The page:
When Linda Harrell was still in school, she sewed all her own clothes—even prom dresses and college formals. Later, she ran a quilt shop and taught quilting, including special classes for children. Her work life took her into the corporate world for several years, but when the business moved its headquarters and she was laid off, she had one thought in mind: to get back to the thing she loved—sewing.
And boats. “My other half of 22 years [Ivar Skoglund] is really into the marine lifestyle and had even lived on a sailboat as a child,” she says. When his boating friends discovered her sewing ability, she helped them out with repairs, and she loved the work.
So she started looking for a marine canvas business to buy. “They’re just not for sale, but I was on a mission. I got online and I found one that was local!”
The owner had been in business for 18 years, wanted to retire and was willing to work with Harrell for a few weeks to help her get started. “Things are meant to be,” she says. Soon after she bought Marine Canvas America, Skoglund was laid off of his job of 20 years. “I said, ‘come work with me on weekends.’”
She recruited him just in time. The previous owner left and Hurricane Wilma hit. “I can’t tell you how much business that brought in,” she says. With Skoglund’s boat know-how and her sewing expertise, they rose to the challenge.
Do what you love
“When you make your own clothes, you know how to pattern anything,” she says, and Skoglund “knows a lot about building things and working with wood,” which really helped her out with installation. There was still a lot to learn, though, and Harrell dove in.
“I went to every single class I could and three MFA [Marine Fabricator Association] conventions,” she says. “That helped so much.” I bought the manual from MFA; I bought books on canvas.”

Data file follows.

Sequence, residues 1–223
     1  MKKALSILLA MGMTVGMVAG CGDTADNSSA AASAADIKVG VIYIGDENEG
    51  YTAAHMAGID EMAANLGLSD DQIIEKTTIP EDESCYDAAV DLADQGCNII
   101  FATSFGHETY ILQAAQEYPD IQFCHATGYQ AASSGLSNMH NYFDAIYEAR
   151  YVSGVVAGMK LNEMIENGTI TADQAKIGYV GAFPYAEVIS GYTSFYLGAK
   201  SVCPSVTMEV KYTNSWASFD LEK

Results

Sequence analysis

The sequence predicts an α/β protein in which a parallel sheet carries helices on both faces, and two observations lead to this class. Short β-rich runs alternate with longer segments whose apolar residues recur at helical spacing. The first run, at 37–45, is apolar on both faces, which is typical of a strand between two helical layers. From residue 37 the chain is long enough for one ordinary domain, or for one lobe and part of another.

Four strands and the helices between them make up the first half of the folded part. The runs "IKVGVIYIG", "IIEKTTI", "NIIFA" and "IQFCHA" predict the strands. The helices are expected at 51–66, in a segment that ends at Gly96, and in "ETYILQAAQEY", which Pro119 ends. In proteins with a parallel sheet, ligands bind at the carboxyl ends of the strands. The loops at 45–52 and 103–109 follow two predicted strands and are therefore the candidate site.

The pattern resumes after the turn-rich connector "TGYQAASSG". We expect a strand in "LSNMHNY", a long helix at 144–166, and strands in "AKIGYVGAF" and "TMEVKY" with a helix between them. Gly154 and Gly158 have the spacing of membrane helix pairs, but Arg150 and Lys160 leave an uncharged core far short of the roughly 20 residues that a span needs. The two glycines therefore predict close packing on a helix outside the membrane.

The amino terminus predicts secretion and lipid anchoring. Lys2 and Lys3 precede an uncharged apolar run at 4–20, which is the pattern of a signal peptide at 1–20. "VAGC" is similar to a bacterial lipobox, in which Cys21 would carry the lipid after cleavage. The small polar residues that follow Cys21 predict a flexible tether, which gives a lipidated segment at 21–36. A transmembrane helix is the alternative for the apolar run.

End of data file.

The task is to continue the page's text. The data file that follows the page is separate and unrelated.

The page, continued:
Today she keeps five people on an “on-call” basis—all experienced in specific areas to meet the variety in her clients’ needs.
It soon became clear to her customers that this was more than a business for Harrell and Skoglund. “They know that we love it,” she says. “I believe we’ve gotten jobs because they see that we truly love the water. We own a boat and we know the expense. We can figure out a solution because we know how it will work. People feel comfortable with us.”
They also answer the phone and respond to messages right away. She credits their commitment to good communications—and standing behind their work—with getting and maintaining a loyal clientele. “Over 90 percent of our business is repeat and referral,” she says.
Familiar, but new
Not one to rest on her laurels, someday she’d like to take six months off and work in a larger shop that does fine specialty work, “so I could tune my skills and learn new things,” she says—Terri Madden’s shop, Sand, Sea & Air Interiors, in San Juan, Puerto Rico, in particular (see Specialty Fabrics Review, May 2011). One-of-a-kind work in sport fishing boats, “hand-making something beautiful that no one’s ever made before,” is a special interest.
Harrell and Skoglund will stay close to boats when they retire someday, too. “My dream would be living in a place like Costa Rica, working just a simple job and sport fishing whenever possible.”
Which isn’t terribly far away from what she’s doing right now.